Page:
I got way ahead of myself!  I started off my lesson plans but I didn’t create a course outline!  I based this course outline off of the one my cooperating teacher used.  I taught Foundations 30 for three months during my internship so I ordered the units based on what order I taught the units in.  This is the course outline I created and below are the justifications for why I put units where they are.

I start off with a unit surrounding Venn Diagrams.  Most students consider this to be one of the easier units of the course, so it is a good unit to start up with.  It also sets up the next few units.  I then go into counting methods (combinations and permutations) and then probability (probability involves a lot off counting method problems).  Venn Diagrams can be used as a visual for many probability and counting method problems, which is why Venn Diagrams comes before those.

The next three units are all from the same outcome!  They all have to do with graphing and the characteristics of equations and graphs.  I put the three units together because they have a lot of overlapping concepts which is why I think it’s best to have them all together.

The last two units are financial units.  I put these two units at the end because they are kind of shorter units and if need be, the last unit can be covered after Christmas and before reviewing starts for finals.

Then there is a section for how the evaluation is sorted out.  There are four sections with how much they are worth.

Lastly, there are classroom expectations so that students understand on the first day of school what is expected for students to succeed in this course.


Adobe Spark for Definitions (6.1 Lesson)

It’s been awhile since I’ve posted because I’ve been on holidays in Disneyland (the happiest place on earth)!

As I mentioned in my earlier blog post, I tried out using Adobe Spark for the first time!  I really enjoyed using the online app and it was very easy to use.  Last week, I didn’t know what I wanted to do for presenting definitions for my polynomial unit.  We talked about Adobe Spark in class last week, and I realized that I could use this online app for the definitions portion of this unit.

I defined the following terms: Polynomial, leading coefficient, degree of the polynomial, turning points, end behavior, domain and range.  I also have visual examples for all of the definitions.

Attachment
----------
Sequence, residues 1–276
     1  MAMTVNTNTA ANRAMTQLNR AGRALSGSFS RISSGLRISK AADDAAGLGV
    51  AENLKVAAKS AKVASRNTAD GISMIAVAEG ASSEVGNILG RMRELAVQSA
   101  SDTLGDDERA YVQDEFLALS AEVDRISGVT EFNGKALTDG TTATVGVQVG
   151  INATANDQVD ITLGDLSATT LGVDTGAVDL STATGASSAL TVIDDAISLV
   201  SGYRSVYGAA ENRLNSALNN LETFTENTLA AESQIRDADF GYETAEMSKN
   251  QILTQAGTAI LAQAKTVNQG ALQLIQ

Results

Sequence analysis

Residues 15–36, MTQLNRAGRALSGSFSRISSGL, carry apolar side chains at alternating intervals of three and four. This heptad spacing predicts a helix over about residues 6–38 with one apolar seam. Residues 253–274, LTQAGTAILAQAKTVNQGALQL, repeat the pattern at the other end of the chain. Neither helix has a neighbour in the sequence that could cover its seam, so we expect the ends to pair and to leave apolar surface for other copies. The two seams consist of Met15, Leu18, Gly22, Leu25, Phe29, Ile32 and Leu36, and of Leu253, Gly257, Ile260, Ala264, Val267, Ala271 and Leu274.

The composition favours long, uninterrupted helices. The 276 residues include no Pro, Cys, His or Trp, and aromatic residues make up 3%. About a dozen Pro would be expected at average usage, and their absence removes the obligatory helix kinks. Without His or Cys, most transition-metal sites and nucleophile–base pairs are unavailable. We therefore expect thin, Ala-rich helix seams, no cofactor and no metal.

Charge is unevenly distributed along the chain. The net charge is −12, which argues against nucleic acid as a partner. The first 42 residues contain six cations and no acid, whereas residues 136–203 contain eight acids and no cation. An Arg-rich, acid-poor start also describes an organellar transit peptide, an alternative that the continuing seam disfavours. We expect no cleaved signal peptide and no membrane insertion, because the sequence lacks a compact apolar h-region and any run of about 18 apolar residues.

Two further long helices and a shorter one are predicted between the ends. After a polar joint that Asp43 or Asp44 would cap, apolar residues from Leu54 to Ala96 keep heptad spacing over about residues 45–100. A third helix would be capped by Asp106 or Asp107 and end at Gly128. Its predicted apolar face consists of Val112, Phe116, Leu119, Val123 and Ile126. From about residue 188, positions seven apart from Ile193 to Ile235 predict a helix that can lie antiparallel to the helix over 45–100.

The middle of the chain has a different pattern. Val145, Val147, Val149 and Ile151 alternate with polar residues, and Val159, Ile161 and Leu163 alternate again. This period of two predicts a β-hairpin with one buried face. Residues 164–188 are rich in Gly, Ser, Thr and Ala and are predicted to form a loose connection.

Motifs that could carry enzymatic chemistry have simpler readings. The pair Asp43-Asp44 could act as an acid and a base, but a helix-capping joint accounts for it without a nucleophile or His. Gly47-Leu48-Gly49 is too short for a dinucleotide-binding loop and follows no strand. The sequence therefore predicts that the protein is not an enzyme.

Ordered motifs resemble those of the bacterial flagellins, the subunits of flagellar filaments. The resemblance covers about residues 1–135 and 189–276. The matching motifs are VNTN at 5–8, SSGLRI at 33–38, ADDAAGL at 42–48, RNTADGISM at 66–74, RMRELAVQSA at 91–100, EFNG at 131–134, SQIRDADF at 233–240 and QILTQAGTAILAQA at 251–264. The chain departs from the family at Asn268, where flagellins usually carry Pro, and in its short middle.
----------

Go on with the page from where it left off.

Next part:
This is an example of what the page I created looks like.  It is visually appealing and organized.  The definition is there with an example.

After reading Amy Martin’s blog, specifically her post on Educreations, I decided to take this lesson one step further.  She talked about having recordings for her students who were not in class or want another refresher on topics. So, I decided to use Screencastomatic to record myself talking about the definitions and examples for my Polynomials unit!  Basically, I explained the definitions and examples in the way that I would explain it as if I was in front of a class full of students.  This way students can see this video from home if they need a refresher or if they were not there for the lesson.  Here is the Screencast I created.

I used Screencastomatic in ECCMP355 for my final summary of learning project.  It is a screencast so you can record your voice and what is on the screen.  It is very easy to use and I would definitely recommend using it.  It is free, but you can upgrade for money.  You do need to download it, but it doesn’t take long.

I also decided to use Google Forms for an exit note for students to complete! I created this survey on how confident they were in the new concepts we learned.  This is an easy way to figure out where students are at and it’s online so no paper needed!


I also used Kahoot to create a formative assessment for students to do.  I love Kahoot, it’s free, super easy to use and my kids loved it.  I created a Kahoot on the different polynomial characteristics.

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The question, picture and answers can be projected on a whiteboard/Smartboard in the classroom.  Then students can use their phones or laptops to pick which answer they think is right.  I created another Screencast talking about Kahoot and going through the Kahoot I created.

Also, another thing I love about Kahoot but I don’t think many people know about it, is that you can save the results of the Kahoot and download it onto Excel!


You can see how many players and questions there are.  You can see all of the students overall results and also go into each individual question and see the how students did.

I’m excited to continue my unit plan with the next topic which is using graphing calculators and excel to create graphs and answer word problems!

Leave a comment if you have any questions, comments, things I can adapt and other additional thoughts!  Have a great day!